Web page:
NYPA Announces Progress on
Plan to Improve Electric Reliability in Tri-Lakes Region
May 17, 2005
FOR IMMEDIATE RELEASE
ALBANY—The New York Power Authority (NYPA) today
announced progress on initial plans for the installation of a new power
line aimed at improving electrical service in the Tri-Lakes Region of
Lake Placid, Saranac Lake, Tupper Lake and the surrounding communities.
Under an agreement, unveiled last November by
Governor George E. Pataki, the Villages of Lake Placid and Tupper
Lake, NYPA and Niagara Mohawk, a National Grid Company, are working
together to improve the regional electric system and reliability
problems caused by winter weather and increased electric use. While
NYPA will obtain the permits for the line, Niagara Mohawk will build it.
It is expected the new 46 kV (kilovolt) power line will be in service by
2008, at an estimated cost of $29 million.
Within the next few months, NYPA and Niagara Mohawk
plan to submit a preferred and alternate route of where to locate the
power line in applications to the Adirondack Park Agency, the New York
Department of Environmental Conservation and the U.S. Army Corps of
Engineers. These routes will take into consideration information
gathered from public comments, regulatory agency consultations, and
environmental and engineering studies.
study route corridors currently being
From near the Stark Reservoir in Parishville traveling south
along State Route 56 until reaching forest preserve land. It would then
travel west, and circle south around that land, before heading east to
again follow State Route 56 south to Sevey Corners in Colton. It then
travels east along State Route 3 to connect with an existing substation
in Piercefield. An existing supply line from the Piercefield substation
would bring the power to the Tupper Lake substation.
From Newton Falls in Clifton heading east, through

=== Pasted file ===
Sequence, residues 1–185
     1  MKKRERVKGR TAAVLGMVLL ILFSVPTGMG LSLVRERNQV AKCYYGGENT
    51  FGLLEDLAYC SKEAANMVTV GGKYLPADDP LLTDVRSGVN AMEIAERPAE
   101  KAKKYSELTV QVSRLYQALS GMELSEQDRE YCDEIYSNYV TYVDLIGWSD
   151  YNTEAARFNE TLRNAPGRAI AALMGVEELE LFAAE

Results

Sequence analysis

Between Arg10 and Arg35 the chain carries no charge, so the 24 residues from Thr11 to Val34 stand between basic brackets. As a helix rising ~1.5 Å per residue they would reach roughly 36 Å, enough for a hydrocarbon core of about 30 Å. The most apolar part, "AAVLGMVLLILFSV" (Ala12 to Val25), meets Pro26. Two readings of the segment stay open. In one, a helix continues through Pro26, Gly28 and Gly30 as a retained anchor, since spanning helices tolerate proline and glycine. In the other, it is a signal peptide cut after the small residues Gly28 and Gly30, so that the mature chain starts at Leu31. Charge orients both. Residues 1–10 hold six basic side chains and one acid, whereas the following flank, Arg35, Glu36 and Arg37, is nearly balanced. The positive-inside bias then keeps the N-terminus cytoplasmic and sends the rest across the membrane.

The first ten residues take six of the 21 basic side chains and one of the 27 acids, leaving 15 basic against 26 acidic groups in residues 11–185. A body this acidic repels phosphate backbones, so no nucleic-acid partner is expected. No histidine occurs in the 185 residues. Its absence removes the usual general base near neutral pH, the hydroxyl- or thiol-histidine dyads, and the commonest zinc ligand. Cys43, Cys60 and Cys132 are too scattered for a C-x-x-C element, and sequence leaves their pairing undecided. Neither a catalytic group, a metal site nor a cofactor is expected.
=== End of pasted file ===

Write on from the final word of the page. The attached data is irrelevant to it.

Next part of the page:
Cook Corners east to State Route 3 to Sevey Corners in Colton. It would
then continue east along State Route 3 to connect with an existing
substation in Piercefield. An existing supply line from the Piercefield
substation would bring the power to the Tupper Lake substation.
Ultimately one route will be selected and one line
built, but the State Environmental Quality Review Act (SEQRA)
requires that NYPA evaluate more than one route.
NYPA is currently seeking public input on the
possible study route corridors. To reach a wide public audience and
encourage input, a map of the study routes will soon be made available
at town and village municipal buildings. Information will be available
shortly on the web at
www.nypa.gov (at the Home Page, click on the Tri-Lakes Electric
Reliability Project link) which will also give the public the ability to
submit questions and comments via email.
NYPA will also hold a meeting, with day and evening
sessions, in June to give the public an opportunity to identify issues
of importance concerning the project. Public comments will also assist
in the development of the Environmental Impact Statement, which is being
prepared under SEQRA. The meeting date and location will be announced
Property owners along the study routes are
currently being contacted to seek permission to enter their property to
gather information important to the development of the study routes.
Federal, state and municipal officials are also being briefed on the
NYPA has also begun energy efficiency audits to
encourage conservation through the use of energy efficient methods and
products at a targeted sampling of municipal offices, businesses and
residences in Lake Placid and Tupper Lake. NYPA supplies the
electricity used by the municipal electric systems serving Lake Placid
and Tupper Lake.
The audits will gather information on these
facilities and their typical energy use to help identify a broader range
of customers well-suited to participate in energy efficiency programs.
These audits will also serve as the basis for developing cost-effective,
energy-saving recommendations and measures for these municipal systems
customers to implement. Recommendations are expected to be produced
by the end of June.
Statewide, NYPA has completed 1,400
energy-efficiency projects involving more than 2,200 government office
buildings, public housing, schools, colleges and universities. These
projects have resulted in $89 million in annual energy cost savings,
845,365 megawatt-hours of electricity conserved each year and reduced
annual emission of 658,958 tons of greenhouse gases. The
energy-efficiency measures include high-efficiency lighting, motors,
motor drives, heating, ventilating and air conditioning, boilers and
building shell measures and also the use of clean energy technologies
such as fuel cells, microturbines and solar energy projects.
NYPA plans to fund a feasibility study to explore
the possibility of a biomass generating facility at Tupper Lake.
NYPA will address the feasibility of generating electricity by using
wood from a working Adirondack forest. If feasible, this
sustainable energy source will help protect North Country jobs, improve
the environment and keep our energy dollars at home.
For information, or to submit ideas, questions or
suggestions for the Tri-Lakes Electric Reliability Project, please
contact, Steve Ramsey, Regional Manager-Community Relations, NYPA, at